The Keepers argue loudly about Minho’s suggestion until Newt calms everyone and asks Minho to better explain his proposal. Minho says that out of all the Keepers, he’s the only one who has been inside the Maze except for Newt. Gally interrupts, saying that he’s been in the Maze, but Minho yells at him, saying that he’s only been in the Maze once and that was when he was breaking the same rule that Thomas broke.
Gally only wants to enforce the rules when they benefit him. He complains that Thomas broke the rules even though he broke the same rule in the past. Gally also ignores the rules of the Gathering by interrupting people as they speak. This hypocrisy discredits Gally’s argument.
Minho continues, saying that inside the Maze, he got scared and ran off but Thomas stayed calm and risked his own life to protect Alby. Gally interrupts again, diminishing Thomas’ accomplishments by saying he was lucky. Minho yells at Gally, telling him he is a coward who has never been a Runner so he has no right to express his opinion about what courage and strength it took Thomas to survive the Maze.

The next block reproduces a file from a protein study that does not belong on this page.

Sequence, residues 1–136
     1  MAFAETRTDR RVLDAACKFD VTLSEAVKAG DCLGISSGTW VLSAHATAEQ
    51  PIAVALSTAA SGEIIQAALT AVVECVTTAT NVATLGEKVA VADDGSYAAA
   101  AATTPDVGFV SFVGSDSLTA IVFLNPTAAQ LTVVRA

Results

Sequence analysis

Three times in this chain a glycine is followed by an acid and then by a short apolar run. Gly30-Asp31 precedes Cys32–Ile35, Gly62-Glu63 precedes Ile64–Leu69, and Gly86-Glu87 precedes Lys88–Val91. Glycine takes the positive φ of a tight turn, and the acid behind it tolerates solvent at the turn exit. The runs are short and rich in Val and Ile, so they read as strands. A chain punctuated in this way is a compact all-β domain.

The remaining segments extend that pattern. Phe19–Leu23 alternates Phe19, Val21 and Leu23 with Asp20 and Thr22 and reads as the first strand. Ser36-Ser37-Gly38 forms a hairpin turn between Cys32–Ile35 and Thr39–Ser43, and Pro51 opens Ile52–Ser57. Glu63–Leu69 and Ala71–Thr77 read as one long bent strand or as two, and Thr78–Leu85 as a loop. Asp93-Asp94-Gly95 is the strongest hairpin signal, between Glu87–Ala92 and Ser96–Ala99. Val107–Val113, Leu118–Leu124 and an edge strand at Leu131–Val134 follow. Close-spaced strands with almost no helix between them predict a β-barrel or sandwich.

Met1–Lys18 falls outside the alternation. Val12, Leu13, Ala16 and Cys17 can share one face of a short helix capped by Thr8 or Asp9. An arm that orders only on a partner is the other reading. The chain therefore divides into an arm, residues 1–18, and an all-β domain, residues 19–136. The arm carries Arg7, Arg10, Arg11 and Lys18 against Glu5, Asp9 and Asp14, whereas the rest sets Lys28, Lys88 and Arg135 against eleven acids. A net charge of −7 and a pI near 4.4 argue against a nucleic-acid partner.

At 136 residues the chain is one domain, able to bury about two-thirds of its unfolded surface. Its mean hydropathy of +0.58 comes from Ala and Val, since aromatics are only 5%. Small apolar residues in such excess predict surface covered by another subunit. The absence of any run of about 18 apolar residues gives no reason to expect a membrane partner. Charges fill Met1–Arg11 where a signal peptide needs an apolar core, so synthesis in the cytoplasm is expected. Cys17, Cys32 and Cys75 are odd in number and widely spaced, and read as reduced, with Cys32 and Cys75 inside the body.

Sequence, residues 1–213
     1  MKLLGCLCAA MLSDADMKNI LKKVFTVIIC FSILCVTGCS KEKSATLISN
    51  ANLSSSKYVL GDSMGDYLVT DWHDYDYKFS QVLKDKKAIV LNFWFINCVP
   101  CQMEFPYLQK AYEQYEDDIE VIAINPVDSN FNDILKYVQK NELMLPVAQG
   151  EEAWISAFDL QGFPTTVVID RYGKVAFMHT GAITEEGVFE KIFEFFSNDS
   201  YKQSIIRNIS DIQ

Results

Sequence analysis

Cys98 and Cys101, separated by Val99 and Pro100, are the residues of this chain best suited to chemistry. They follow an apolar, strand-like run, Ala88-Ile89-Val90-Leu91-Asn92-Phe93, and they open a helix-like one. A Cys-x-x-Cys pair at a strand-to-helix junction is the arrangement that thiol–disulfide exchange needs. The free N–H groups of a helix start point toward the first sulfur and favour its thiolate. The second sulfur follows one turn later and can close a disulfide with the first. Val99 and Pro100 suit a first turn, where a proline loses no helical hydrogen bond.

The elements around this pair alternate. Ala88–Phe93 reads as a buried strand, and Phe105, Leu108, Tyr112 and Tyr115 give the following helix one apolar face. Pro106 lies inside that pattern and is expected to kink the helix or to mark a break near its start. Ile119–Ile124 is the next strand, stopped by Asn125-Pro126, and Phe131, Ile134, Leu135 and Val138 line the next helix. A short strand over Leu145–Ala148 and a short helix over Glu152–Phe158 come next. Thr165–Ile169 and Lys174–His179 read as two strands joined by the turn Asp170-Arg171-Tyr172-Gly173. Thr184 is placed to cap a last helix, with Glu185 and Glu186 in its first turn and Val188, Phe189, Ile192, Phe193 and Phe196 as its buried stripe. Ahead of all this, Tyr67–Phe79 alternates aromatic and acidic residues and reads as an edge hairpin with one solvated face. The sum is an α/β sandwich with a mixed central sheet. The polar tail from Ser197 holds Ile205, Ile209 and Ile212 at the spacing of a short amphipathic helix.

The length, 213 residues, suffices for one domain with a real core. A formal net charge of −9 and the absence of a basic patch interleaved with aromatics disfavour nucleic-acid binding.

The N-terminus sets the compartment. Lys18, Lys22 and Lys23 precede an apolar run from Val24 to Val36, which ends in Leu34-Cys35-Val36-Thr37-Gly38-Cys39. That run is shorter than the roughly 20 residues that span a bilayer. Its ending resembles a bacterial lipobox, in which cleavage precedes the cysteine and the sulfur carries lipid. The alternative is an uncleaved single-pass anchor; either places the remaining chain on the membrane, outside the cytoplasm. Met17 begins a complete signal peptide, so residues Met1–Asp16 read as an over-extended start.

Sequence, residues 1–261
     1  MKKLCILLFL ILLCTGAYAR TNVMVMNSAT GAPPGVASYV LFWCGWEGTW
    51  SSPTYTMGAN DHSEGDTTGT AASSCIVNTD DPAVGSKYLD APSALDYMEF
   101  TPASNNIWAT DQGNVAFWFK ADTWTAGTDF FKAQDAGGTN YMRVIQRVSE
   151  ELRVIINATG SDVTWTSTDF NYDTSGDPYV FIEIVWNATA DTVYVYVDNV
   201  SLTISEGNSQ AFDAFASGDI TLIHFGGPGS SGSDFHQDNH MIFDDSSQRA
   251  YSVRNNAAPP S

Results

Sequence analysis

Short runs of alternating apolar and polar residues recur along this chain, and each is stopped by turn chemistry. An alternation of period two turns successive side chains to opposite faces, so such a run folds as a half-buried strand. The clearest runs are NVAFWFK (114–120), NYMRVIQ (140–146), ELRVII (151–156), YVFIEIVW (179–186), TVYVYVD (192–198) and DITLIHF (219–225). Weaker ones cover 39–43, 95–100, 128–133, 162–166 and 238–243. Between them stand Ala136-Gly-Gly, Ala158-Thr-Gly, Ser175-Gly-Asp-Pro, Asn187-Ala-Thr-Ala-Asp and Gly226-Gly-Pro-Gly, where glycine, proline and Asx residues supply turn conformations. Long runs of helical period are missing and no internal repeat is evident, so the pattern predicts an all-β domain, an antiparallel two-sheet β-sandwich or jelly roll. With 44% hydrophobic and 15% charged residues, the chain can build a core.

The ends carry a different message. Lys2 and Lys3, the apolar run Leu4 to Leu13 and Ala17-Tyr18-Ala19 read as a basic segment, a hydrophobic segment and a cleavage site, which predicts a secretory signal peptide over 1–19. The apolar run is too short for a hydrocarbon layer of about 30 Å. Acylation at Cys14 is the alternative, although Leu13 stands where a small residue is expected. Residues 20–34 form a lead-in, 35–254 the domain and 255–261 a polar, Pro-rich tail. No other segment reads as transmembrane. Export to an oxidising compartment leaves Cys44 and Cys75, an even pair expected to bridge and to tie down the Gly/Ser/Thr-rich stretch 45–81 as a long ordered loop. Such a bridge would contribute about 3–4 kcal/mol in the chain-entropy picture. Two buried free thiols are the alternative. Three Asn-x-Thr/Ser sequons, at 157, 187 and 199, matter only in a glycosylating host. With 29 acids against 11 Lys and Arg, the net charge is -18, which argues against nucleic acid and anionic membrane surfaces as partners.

Minho’s argument for the importance of experience supports the idea that experiences, rather than one’s innate nature, form the basis of identity.
Embarrassed by Minho’s insults, Gally threatens to break Minho’s neck. Minho pushes Gally to the ground and says that if he ever threatens him again, then he’ll break his arms and legs before breaking his neck. As Gally storms out of the room, he says things are going to change and that if he must, then he will kill Thomas in order to stop him from carrying out the Creators’ secret plans.
Gally echoes the girl’s warning that everything will change. Gally, however, wants things to change back to the status-quo before Thomas’ arrival. While the changes Thomas introduced by going into Maze were examples of progress, Gally wants changes that take the Glade a step backwards: a strict and violent enforcement of the rules.